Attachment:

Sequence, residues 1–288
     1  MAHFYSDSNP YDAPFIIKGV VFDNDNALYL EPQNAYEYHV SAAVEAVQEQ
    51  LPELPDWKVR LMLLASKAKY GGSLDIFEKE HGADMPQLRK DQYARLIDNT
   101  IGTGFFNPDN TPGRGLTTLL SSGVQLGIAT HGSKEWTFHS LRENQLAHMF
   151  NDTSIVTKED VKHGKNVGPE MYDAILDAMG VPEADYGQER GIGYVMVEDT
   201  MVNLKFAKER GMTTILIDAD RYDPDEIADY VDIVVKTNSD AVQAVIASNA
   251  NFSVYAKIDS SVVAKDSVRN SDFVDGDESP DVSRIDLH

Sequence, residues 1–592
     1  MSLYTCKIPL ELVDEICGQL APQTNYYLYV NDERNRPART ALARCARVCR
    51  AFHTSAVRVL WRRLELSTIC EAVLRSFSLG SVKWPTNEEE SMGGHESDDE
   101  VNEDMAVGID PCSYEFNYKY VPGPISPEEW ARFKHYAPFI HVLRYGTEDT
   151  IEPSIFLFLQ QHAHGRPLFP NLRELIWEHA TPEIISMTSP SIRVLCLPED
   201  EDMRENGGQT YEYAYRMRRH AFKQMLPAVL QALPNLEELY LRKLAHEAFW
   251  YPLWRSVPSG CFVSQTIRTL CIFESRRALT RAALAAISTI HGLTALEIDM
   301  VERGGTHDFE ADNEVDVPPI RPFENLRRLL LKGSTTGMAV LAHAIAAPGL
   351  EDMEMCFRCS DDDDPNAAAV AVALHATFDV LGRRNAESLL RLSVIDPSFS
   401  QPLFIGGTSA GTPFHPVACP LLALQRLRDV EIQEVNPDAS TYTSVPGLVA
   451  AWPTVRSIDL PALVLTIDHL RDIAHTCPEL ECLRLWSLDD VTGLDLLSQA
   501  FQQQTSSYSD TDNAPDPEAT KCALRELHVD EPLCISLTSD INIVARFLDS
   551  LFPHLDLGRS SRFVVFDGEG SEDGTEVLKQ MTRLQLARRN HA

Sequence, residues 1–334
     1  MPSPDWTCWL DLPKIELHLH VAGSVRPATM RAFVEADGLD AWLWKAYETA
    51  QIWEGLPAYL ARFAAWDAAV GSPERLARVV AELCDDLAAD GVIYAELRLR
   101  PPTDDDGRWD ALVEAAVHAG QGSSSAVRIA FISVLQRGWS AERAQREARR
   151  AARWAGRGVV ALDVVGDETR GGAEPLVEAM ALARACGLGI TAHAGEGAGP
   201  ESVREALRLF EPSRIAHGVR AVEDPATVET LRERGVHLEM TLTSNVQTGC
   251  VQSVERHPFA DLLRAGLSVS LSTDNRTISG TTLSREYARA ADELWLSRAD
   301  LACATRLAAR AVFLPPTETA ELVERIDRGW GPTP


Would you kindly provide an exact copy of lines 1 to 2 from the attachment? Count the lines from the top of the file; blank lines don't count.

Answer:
Sequence, residues 1–288
     1  MAHFYSDSNP YDAPFIIKGV VFDNDNALYL EPQNAYEYHV SAAVEAVQEQ